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761 Walking in the Wet 2013-01-23

rainy trails on Mount LeConte

A couple of weeks ago, I was able to join a group hike in Great Smoky Mountain National Park. Prior to the trip I closely watched the weather forecasts. I eventually made a few gear substitutions because the Park was supposed to have unseasonably warm weather. Instead of snow and winter weather, the prediction was for more spring-like conditions with warmer than usual temperatures and naturally wind and rain.

Well, it always seems to be raining in the Park or at least on every hike I have made! So how was I going to stay dry? With predicted lows of 40 degrees, the conditions were perfect for developing hypothermia. I needed to decide on a system of clothing and gear that would help me stay warm in the wet weather and yet be light and compact.

So for a few Walking in the Wet gear tips ...

If you walk in the rain, you are going to get wet. If the rain doesn't soak you, the sweat will.

Being wet, while you are walking, is generally not that uncomfortable. While moving, you can generate enough heat to stay warm despite being wet.

When you stop walking, especially in moderate temperatures, you're warm and generally are ready to cool down. If you allow yourself to cool, be careful and try to regulate your body's temperature. Cooling to quickly can lead to an uncontrollable shiver and possibly hypothermia.

In chilly weather I try to cool as slowly as possible.

On this trip, instead of wearing a jacket with either Goretex or a waterproof/breathable coating, I opted to carry a lightweight umbrella and a waterproof jacket. The umbrella was for walking and the waterproof gear was for wearing around camp.

The umbrella was a lightweight, backcountry umbrella made by GoLite. I have used a backcountry umbrella many times, but this was a new umbrella. It would keep me relatively dry while moving. For clothing while using the umbrella, I was going to wear a wind shell over a lightweight capilene top.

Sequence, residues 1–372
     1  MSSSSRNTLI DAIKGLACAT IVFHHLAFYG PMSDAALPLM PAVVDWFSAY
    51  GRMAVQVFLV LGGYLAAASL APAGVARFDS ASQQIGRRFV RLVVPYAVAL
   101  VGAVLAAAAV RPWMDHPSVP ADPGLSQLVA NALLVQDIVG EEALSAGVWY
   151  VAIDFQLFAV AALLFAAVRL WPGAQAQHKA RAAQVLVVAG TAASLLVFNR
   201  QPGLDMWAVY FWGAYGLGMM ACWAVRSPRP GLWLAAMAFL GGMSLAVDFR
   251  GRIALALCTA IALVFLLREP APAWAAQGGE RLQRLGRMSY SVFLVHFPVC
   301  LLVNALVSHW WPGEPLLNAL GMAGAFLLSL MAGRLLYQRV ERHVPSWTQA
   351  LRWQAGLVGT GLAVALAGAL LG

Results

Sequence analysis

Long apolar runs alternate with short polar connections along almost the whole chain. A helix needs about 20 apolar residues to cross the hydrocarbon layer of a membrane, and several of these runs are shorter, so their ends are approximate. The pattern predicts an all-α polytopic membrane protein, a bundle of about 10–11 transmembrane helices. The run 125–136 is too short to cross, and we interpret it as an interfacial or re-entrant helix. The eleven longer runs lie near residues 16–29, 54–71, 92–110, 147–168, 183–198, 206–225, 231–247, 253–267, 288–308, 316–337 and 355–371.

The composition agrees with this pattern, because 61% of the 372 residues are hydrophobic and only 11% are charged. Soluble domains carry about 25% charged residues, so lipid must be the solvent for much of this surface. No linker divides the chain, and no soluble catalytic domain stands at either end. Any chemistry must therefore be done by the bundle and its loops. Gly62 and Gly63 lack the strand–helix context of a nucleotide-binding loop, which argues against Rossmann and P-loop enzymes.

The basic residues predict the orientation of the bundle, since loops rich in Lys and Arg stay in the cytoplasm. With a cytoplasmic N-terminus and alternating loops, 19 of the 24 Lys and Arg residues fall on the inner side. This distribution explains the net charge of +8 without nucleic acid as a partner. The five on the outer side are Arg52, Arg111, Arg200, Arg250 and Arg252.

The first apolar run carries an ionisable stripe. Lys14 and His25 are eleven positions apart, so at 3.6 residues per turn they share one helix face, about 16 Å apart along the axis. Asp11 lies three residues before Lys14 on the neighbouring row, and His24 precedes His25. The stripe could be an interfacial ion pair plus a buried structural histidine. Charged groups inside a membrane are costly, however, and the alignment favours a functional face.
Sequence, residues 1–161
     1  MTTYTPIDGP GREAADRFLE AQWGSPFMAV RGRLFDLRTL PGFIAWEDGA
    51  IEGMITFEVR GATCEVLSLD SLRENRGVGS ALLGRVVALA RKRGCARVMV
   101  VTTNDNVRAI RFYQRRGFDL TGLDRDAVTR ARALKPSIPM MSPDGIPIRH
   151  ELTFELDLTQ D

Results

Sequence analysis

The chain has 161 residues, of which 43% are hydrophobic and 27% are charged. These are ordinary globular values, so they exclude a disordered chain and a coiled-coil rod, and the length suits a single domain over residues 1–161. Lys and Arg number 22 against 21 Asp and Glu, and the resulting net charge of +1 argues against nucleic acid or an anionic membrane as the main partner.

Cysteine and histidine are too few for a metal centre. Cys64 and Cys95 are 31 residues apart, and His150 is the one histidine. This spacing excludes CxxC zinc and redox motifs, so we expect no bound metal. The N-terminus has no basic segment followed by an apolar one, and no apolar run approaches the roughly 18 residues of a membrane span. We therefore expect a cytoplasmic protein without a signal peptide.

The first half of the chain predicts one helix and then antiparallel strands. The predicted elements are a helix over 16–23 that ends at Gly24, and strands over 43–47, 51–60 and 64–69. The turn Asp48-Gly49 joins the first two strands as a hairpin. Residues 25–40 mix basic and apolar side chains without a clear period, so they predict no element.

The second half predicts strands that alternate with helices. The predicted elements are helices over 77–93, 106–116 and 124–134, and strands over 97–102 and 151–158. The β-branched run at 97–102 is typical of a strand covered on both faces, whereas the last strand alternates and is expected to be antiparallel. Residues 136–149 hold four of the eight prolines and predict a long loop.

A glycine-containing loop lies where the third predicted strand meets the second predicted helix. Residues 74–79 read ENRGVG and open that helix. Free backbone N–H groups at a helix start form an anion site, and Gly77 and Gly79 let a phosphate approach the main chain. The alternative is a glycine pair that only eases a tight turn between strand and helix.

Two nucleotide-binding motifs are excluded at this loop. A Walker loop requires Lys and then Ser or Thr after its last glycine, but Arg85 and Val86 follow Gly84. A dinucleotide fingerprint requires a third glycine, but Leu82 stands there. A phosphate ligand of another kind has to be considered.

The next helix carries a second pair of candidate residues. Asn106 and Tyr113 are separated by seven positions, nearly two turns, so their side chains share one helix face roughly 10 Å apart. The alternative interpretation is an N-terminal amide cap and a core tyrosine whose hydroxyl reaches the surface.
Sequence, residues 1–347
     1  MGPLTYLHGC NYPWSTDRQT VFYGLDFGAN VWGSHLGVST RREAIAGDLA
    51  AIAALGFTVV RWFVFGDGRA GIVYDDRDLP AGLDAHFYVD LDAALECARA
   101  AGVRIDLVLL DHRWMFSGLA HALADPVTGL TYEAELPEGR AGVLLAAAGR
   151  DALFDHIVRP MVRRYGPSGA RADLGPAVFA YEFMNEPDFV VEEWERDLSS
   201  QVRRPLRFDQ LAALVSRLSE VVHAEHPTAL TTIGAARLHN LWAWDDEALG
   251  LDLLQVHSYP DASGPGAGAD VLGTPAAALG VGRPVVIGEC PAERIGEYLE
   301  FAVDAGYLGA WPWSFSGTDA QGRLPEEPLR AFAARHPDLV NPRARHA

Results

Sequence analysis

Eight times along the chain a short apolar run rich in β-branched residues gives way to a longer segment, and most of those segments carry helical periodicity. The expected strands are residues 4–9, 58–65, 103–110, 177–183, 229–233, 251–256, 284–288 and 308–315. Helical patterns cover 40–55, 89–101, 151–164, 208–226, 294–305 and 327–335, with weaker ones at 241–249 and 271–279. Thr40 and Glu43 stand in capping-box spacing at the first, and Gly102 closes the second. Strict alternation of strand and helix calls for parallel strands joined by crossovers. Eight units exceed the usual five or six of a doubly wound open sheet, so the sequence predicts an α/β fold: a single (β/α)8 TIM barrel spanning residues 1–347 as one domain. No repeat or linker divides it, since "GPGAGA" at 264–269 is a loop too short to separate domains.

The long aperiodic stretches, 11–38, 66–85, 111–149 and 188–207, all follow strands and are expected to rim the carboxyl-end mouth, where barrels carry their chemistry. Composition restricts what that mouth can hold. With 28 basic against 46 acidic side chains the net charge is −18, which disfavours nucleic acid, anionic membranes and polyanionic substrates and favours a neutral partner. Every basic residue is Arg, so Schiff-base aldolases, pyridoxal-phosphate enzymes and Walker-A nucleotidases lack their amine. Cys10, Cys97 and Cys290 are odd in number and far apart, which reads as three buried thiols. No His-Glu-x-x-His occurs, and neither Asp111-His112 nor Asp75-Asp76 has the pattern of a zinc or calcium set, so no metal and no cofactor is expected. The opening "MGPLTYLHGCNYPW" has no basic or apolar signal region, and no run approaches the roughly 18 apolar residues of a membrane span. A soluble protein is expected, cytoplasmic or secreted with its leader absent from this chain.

The waterproof shell that I was going to use in camp does not breathe. Once at camp, instead of taking my wet clothes off, I was going to put on a sweater weight insulator jacket and then the waterproof top. I would allow my body to dry my wet clothes while wearing them.

The waterproof top needs to fit loose. Moist air will try to condense on the inside of the fabric unless vented - just like a tent.

On the trip, it took about two hours for my top to dry in camp. I ate some food and drank hot beverages to help my body stay warm during the drying process. If I still felt cool, I did camp chores to regain a few degrees.

It was helpful to be staying at a shelter rather than tent camping. In the shelter I could do chores or exercises while staying dry beneath the porch of the shelter. Tents do not have enough space for such movement, but there is enough room for sit-ups and push-ups. A few sets of those limited space exercises will definitely warm a cold body.

A Goretex or waterproof/breathable jacket will also work to dry the clothes you are wearing, but they are generally much heavier jackets.

Wet clothes may also be dried by sleeping next to them, or hanging them from the pack in better weather.

If you opt to carry an extra set of camp clothes you can change into the dry set and try to dry your wet trail clothes at camp. More than likely, you will be putting on damp clothes in the morning!

Keep the gear in your pack dry by using a pack liner.

Use a skin balm like Hydropel, Bonnie's Balms, or Sportslick to prevent chaffing and blisters.

Wear a hat. I wore my wide brimmed Tilley to help shed the rain on the trail. In camp I wore a ski cap for the extra warmth.

While using an umbrella, I use only one trekking pole. Another hiker in our group also used an umbrella. He rigged his umbrella on his pack and still used both poles.

It might be impossible to stay dry while hiking, but it is possible to maintain a comfortable body temperature. Have a plan for hiking in wet weather and a backup!

One last point, a good frame of mind probably raises your temperature by at least a few degrees : - )

Happy Wet trails


Trip Report from the trip


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